When I was in my teen years, in the mid-to-late 80s, my friends and I spent a decent amount of time driving around the city nearest to home. Sometimes we had a destination in mind (pool hall! mall! movie theatre!) but sometimes we just meandered around the many one-way streets until we got close to curfew, and then we headed home.

On one particular occasion, with my boyfriend of the time behind the wheel, I caught a glimpse of the most beautiful car that I had ever seen. It looked almost exactly like this:

A 1988 Mustang. If it were possible to swoon while sitting down, I would have swooned all over the place.

That car eventually became an obsession for me – we’d be out driving and spot it (because, come on, how could you miss it??) and we’d just. .. follow it. For as far, and as long, as we possibly could. The good news is that my boyfriend at the time loved that kind of ‘chase’ so didn’t complain.

I never, ever got close enough to find out who owned it or where it lived or any of the details. One day it just stopped being around, I guess, or maybe I moved away?  Whatever – it just dropped out of my life other than sticking firmly in my memory.

But my obsession with Mustangs had just begun. I vowed that one day I would own one, ideally in purple, and ideally that very same 1988 model.

Fast forward many years and I just bought a Mustang. I’m picking it up on Monday night.

It’s not purple and it’s not a 1988. It’s not brand new, either. But it’s a GT and it’s a 5.0 and it’s equally as brightly coloured and visible and over-the-top amazing. I’d follow myself around in it if I was in my teenage years, again. There are photos on facebook and instagram.

We test-drove it on my birthday, earlier this week, and then I spent a lot of time debating whether my lifestyle could handle it. Could I drive RWD in the snow? Was it practical for work? What if we needed to move something big and didn’t have my reliable hatchback? Could I possibly keep my old car AND buy this new one? Is it ridiculous to buy a sports car in general? Am I too old for this?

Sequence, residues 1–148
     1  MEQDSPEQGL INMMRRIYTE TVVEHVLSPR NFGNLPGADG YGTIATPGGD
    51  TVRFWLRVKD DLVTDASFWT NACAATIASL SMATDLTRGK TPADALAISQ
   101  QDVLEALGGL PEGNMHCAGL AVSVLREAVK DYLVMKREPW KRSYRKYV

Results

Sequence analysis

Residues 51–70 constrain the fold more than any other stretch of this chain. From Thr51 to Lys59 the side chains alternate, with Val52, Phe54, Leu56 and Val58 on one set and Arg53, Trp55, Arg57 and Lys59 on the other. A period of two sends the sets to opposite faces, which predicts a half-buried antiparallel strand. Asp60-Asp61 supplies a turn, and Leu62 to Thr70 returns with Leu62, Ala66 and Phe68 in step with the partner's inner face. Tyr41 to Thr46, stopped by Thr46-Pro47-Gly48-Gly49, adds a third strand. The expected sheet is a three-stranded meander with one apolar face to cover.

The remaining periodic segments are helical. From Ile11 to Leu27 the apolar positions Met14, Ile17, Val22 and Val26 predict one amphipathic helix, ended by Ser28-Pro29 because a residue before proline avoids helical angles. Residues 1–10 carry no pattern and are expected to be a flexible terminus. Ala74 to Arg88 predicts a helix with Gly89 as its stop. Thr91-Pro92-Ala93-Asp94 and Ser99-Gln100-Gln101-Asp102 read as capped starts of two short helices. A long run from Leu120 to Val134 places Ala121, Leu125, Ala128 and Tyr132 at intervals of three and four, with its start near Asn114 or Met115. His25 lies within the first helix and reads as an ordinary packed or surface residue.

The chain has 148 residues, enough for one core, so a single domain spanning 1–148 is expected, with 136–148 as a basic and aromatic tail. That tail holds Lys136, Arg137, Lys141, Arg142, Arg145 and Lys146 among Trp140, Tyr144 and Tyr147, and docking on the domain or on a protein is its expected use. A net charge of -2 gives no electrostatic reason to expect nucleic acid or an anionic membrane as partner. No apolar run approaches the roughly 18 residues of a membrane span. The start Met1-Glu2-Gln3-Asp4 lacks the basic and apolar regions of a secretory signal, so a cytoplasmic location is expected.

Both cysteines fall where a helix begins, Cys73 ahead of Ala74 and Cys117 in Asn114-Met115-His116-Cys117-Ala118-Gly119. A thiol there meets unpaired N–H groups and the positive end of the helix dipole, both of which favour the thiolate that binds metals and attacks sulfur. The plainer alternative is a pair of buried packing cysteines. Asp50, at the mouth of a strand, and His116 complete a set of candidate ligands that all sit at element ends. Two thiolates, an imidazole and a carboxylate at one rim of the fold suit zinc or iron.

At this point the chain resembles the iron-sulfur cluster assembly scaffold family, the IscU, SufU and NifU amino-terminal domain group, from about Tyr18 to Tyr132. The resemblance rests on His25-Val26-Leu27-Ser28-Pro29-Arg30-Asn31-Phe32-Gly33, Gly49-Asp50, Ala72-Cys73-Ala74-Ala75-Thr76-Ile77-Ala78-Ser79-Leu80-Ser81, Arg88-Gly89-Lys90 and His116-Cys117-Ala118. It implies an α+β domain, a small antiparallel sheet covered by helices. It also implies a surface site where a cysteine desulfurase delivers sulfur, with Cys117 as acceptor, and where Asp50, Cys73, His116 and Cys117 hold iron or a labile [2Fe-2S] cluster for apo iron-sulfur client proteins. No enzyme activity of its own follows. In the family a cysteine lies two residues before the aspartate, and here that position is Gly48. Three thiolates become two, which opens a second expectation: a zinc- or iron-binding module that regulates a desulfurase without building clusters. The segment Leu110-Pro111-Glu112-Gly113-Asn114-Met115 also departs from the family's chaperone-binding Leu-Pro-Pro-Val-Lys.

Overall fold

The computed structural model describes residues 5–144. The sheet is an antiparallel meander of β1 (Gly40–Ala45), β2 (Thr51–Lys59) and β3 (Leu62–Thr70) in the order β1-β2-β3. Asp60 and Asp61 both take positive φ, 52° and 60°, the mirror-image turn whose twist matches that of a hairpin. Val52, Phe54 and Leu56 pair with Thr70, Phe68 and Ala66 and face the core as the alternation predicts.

I angst-ed. I asked strangers. I talked to anyone who might have some insight. I googled. I watched youtube videos. I waffled. I posted on Facebook and asked my friends for their thoughts.

No one said I shouldn’t buy it (which doesn’t mean they weren’t thinking it was a terrible idea) but a lot of people said things like, “Life is short!” and “If you can afford it, do it!”  Those are both philosophies to which I subscribe but sometimes forget to embrace.

One friend said: Buy the shoes, buy the car. Enjoy the life you’ve built.

.. and that struck me pretty hard. I have done a pretty decent job of creating the life that I want – but sometimes I forget to enjoy some of the nicer things about it. I get focused on not taking too many risks. I think too much about practicalities in some ways (and I am wildly frivolous in others – I have NO problem with buying the shoes. Noooo problem.)

Another friend said: As someone who has known that you want a mustang for like, 25 years?! this is very exciting.

(I often say that I am not great at delayed gratification and long-term planning for things, but I think this is perfect evidence that I am actually VERY good at those things.)